It is mid-summer and that means we are in the heart of the
One of the most important tools in adventure racing is
Talk to your crew if you have one. They should know just
as much as the
Navigation is the single most important skill in adventure racing.
You can have a team of Olympic athletes that are incredible at every sport, but if they can't find the check points they are lost in the woods. Navigation is a TEAM skill, meaning everyone on the team should play a part in the navigation in every race. Sure, you should have one lead navigator, but why waste everyone else's eyes, ears, insights...Four brains are better than one. Plus, navigating is exhausting and until you lead a team you can't appreciate just how much pressure you are under. Practice as a team, plot points as a team, go over decisions, routes and strategies as a team. As the race progresses and the fatigue sets in, one brain becomes half a brain and teammates can look and see things more clearly than one fried person.
This happened in a recent race near Lake Tahoe. It was the middle of the night and I was on maps and I just couldn't compute where we were, we took 5 minutes, looked at the map as a team and got our bearings and re-focused. I handed the maps off to my teammate and took a few hours off.
Team navigation helps the team in so many ways. One it keeps everyone mentally in the race. There is nothing worse than roaming around a course not knowing anything about where you are or how long you will be cyling, paddling, running...it is a mental burner. Two, you can use everyone for efficient travel. One can scout ahead and look for trails, one on compass for direction, one on maps and one keeping pace.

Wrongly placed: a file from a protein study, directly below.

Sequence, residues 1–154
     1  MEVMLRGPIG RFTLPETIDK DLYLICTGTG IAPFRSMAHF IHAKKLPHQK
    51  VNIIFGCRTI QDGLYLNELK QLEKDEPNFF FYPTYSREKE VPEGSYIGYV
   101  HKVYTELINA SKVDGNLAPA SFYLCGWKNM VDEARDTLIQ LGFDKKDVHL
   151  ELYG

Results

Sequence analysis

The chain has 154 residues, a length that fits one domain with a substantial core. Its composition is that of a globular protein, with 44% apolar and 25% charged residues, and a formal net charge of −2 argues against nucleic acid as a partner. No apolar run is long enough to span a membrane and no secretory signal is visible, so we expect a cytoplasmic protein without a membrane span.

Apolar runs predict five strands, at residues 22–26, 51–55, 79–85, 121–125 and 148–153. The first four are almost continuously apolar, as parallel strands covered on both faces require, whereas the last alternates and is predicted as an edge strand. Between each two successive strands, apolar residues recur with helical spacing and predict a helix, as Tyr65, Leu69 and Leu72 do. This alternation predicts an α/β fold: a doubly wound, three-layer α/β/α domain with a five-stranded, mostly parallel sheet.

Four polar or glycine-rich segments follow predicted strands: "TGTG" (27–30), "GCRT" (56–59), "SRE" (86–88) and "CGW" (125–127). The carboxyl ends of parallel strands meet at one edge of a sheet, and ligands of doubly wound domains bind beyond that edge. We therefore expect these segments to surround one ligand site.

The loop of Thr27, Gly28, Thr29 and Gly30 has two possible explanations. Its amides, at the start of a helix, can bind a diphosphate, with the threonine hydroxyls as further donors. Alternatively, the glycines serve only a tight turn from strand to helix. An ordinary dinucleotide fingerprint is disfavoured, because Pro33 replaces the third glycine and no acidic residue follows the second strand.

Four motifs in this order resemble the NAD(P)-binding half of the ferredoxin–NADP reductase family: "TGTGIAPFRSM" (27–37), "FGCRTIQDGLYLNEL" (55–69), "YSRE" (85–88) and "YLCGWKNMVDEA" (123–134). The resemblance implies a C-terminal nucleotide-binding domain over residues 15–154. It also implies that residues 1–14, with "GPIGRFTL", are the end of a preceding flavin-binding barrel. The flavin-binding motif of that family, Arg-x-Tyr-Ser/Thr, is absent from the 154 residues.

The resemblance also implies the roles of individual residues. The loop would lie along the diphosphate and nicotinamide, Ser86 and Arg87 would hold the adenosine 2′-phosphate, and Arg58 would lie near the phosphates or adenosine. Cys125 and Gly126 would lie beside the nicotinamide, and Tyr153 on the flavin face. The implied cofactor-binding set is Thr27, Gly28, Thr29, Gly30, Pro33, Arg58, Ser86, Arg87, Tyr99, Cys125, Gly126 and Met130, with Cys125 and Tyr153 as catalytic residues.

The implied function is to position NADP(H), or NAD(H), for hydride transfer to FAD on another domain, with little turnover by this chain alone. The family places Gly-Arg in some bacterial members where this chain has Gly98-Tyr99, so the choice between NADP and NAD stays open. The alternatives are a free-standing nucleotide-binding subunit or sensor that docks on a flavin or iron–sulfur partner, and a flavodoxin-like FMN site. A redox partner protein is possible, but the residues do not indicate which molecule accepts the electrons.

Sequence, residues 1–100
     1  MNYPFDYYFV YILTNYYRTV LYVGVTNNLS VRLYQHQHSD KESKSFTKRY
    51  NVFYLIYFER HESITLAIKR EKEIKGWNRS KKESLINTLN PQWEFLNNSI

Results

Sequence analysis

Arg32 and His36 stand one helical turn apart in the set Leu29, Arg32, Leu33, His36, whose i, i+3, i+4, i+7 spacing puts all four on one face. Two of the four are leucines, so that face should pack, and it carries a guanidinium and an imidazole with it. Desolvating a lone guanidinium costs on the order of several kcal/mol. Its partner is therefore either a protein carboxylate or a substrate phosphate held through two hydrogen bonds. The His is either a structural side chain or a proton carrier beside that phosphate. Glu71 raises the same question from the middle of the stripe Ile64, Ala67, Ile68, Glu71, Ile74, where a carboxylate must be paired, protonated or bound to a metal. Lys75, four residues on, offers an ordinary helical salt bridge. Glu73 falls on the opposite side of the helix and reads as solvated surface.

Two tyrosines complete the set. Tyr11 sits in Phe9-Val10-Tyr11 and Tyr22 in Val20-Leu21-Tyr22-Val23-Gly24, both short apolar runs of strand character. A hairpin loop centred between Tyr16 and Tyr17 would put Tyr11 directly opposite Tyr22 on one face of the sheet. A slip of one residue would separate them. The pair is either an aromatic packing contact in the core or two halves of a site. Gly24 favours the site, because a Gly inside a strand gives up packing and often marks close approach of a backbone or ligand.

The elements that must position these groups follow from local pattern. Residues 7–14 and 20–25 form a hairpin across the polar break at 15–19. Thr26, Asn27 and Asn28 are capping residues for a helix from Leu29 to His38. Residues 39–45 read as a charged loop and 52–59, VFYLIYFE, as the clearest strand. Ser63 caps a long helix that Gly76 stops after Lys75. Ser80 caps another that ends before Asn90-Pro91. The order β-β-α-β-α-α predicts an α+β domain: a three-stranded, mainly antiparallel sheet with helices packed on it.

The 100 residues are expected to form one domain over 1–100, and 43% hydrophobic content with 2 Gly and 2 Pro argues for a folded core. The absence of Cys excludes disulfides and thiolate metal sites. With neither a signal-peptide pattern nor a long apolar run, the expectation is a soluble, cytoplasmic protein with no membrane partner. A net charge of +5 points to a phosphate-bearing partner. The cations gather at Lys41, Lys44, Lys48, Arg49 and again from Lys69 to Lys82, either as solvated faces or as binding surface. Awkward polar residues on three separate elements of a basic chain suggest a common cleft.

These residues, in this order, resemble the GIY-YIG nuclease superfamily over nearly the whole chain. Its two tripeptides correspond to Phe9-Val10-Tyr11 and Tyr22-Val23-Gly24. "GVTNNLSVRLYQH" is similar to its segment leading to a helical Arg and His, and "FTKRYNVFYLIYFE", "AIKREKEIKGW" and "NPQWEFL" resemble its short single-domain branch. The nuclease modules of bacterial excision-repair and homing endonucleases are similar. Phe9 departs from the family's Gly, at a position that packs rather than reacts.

Regardless of what everyone is doing, it should include
everyone. Stick together, race together or get lost together:)))
I've lived by this since I started racing many years ago. Go light and go fast.
I understand the value of cutting weight in my pack every way I can, but a team can get into serious trouble if the weight is cut in the wrong place. There is a reason why there is "mandatory gear" for every race. Mandatory gear is required to get you through the race safely and prepare your team for adversity. The very last place you should cut weight is the first aid and survival gear.
Layers of clothes will keep you warm if you are lost in the middle of the night. They will prevent hypothermia and allow your team to continue to move forward. There are many ways to cut weight with layers, but make sure you have enough to keep you warm if you have to stop on the trail. Body core temperatures drop quickly in a short few minutes and 60 degrees can feel like 30 degrees instantly. Bring a source for building a fire and adequate first aid and knowledge to wrap injuries. Don't skimp, you just may need these items.
I found that out in the first night at Eco-Challenge New Zealand when I sprained my ankle coming off a summit. I was thankful we had enough athletic tape to wrap it for the next few days. Once again, in Lake Tahoe, I almost went hypothermic because the mountain bike section was much longer than expected (they always are...). We did not bring our night layers so we had to stop and build a fire to warm up. If we didn't have our space bags, it would have gotten really ugly quickly. We didn't have radios and no way of getting help...that is the sport, it is risky, but that is why we love it.
Be prepared and cut the weight elsewhere.